Our children (age 6 and soon to be 4) love to play. Our youngest child Willow (seen in this picture), can often be found doing things that are unsafe. However, I managed to capture this moment a few days ago when she was colouring in whilst wearing her bike helmet. At such a young age and without her father’s input, she has learned – safety first 😊!
Our children struggle to maintain their concentration for longer than 15 minutes (that is unless Elsa and Anna are on the Television, tablet or phone). How their school teachers manage to maintain their concentration I do not know. But what I do know is that when they are asked to learn anything, they want it to be fun. Like myself really, I learn through doing, I learn through experiencing how to do something and then refining that process forth going. When learning to drive (twenty years ago), I much preferred the practical application of driving the car than the theoretical element of how to drive a car and what the various road signs relate to. Like all things in life, of course there is a balance and we need both. I think if all of us can make health and safety practical, our advice, our training and our relationships with those we encounter, step by step we will impact generations to come.
For too long health and safety has been seen as the fun police. The boring anorak wearing people who tell you, you can’t do this, and you definitely cannot do that. I think we are now starting to see a shift in this attitude as younger practitioners and changes to how the application of health and safety is being applied by many great practitioners across the globe. I for one, enjoy various risky activities, but with the right controls in place, I have controlled the risk. Many a Primary School across the country has now introduced Outdoor Play and Learning (OPAL), which is great for children to learn and have fun whilst being at school. OPAL adopted sensibly with the right standards in place to safely monitor equipment and children, can be tremendously rewarding for school leaders, children and parents alike.
All of us need a toolkit to do what we do, and I want to introduce you to an excellent toolkit that you may or may not be aware of. Learning Occupational Health by Experiencing Risks (LOcHER) originated in 2015/16 by the Health and Safety Executive (HSE) to raise the awareness in schools and colleges of pupils and students to risk management. Although the HSE initiated this idea, they are very much hands off, allowing education leaders to develop ideas to raise awareness.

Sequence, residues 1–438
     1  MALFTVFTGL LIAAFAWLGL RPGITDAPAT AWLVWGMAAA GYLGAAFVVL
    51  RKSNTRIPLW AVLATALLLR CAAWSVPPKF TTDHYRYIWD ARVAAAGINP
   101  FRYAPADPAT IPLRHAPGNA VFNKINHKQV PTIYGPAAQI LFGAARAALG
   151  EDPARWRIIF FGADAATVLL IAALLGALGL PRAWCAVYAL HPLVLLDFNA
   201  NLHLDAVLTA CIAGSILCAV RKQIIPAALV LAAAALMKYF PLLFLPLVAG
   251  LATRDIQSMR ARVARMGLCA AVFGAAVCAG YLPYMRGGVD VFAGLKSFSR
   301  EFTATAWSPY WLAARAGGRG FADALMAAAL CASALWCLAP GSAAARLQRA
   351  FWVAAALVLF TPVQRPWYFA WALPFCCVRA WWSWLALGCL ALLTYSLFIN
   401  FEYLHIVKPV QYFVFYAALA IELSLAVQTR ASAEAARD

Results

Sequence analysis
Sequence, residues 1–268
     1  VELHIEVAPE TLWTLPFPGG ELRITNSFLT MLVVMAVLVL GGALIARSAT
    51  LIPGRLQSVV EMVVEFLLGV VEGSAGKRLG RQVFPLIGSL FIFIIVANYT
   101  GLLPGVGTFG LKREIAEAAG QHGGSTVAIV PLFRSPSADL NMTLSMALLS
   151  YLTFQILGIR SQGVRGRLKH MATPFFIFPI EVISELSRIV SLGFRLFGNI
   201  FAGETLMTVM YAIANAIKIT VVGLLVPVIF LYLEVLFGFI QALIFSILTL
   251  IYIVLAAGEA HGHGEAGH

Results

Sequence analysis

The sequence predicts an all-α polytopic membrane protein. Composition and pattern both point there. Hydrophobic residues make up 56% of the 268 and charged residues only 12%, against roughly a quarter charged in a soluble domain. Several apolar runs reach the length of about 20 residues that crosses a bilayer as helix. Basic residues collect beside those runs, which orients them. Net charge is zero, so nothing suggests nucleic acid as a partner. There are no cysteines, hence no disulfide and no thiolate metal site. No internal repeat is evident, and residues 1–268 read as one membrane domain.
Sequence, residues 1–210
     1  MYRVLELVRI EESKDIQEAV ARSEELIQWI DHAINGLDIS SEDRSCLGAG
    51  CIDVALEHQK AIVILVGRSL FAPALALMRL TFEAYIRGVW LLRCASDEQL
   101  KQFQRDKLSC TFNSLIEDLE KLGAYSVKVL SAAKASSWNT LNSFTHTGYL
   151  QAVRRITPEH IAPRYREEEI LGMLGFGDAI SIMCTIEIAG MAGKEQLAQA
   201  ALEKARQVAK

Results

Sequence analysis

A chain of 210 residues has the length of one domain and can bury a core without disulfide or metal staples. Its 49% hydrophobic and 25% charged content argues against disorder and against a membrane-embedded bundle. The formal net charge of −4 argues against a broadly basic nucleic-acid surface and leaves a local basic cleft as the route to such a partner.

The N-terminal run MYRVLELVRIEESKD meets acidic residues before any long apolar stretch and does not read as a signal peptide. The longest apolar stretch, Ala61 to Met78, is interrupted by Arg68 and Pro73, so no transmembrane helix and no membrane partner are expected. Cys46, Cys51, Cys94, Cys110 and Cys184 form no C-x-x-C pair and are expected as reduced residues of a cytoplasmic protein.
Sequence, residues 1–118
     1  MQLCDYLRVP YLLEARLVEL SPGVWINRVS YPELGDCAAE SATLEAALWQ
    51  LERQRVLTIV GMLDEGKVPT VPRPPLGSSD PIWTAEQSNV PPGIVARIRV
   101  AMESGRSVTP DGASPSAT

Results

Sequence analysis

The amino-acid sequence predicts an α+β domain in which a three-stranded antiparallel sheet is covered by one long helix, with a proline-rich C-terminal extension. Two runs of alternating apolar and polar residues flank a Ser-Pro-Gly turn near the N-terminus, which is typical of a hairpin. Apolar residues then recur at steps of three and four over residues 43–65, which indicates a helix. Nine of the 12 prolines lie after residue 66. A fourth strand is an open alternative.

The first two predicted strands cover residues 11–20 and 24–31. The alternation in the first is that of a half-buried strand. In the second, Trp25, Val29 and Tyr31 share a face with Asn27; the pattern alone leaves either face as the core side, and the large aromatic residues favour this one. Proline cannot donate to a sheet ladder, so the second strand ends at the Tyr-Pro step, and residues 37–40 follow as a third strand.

When I was at school, the only memory I have of health and safety was in the Design & Technology and Science departments and there certainly never was anyone encouraging me to go into the Safety & Health profession. The intention of LOcHER however is that the profile of Occupational Safety and Health is developed at a younger age, prior to young people entering the workplace. This is a great initiative, makes complete sense and one in which every school and college I believe should be adopting. Not to mention by using LOcHER this also helps the future generations of Occupational Health and Safety Practitioners also. As life develops, I am sure that new risks will be encountered and the future generations of OSH practitioners I am sure would welcome and appreciate the increased OSH awareness at a younger age of future workers.
In the 2012 Play Safety Forum Publication Managing Risk in Play Provision the authors highlight that “Learning from experience involves encountering difficulty as much as pleasure”. This is also important for future generations to learn. Life has its ups and downs, is never plain sailing and becoming resilient, I believe is a key skill that needs to be taught to young people. By introducing LOcHER, schools and colleges can introduce fun activities that raise the awareness of young people to OSH, create opportunities to problem solve and develop resilience skills
As Albert Einstein once said “a person who never made a mistake never tried anything”. If as society we wrap ourselves up in red tape, cotton wool and bureaucracy, we will lose our creative, ambitious and entrepreneurial spirit that has enabled the human race to do so many wonderful things. So if you haven’t checked out LOcHER https://www.safetygroupsuk.org.uk/campaigns/locher/, I would encourage you to think about how you can introduce LOcHER into your school or college. For practitioners, I’d welcome your thoughts and suggestions on how collectively we can use our experiences to invest into future generations.
Use #locherproject in your social media posts so others can see what great work you have done.
Scott Crichton was first introduced to health and safety as part of his role within the military back in 2004. His first full time role began in 2006 as a health and safety co-ordinator within the financial industry. After seven years, he progressed to a regional role within the ambulance service, before obtaining his current Principal Consultant role with Ellis Whittam covering counties in South West England. As a consultant, he finds himself working alongside various clients across a wide client base, including but not limited to education, engineering, health & social care, manufacturing, retail, pharmaceutical, small & medium contractors and town & parish councils.
Scott is a member of the HSE People Panel offering insight into HSE in the Public Sector. If you would like to ask Scott or another panel member a question get in touch firstname.lastname@example.org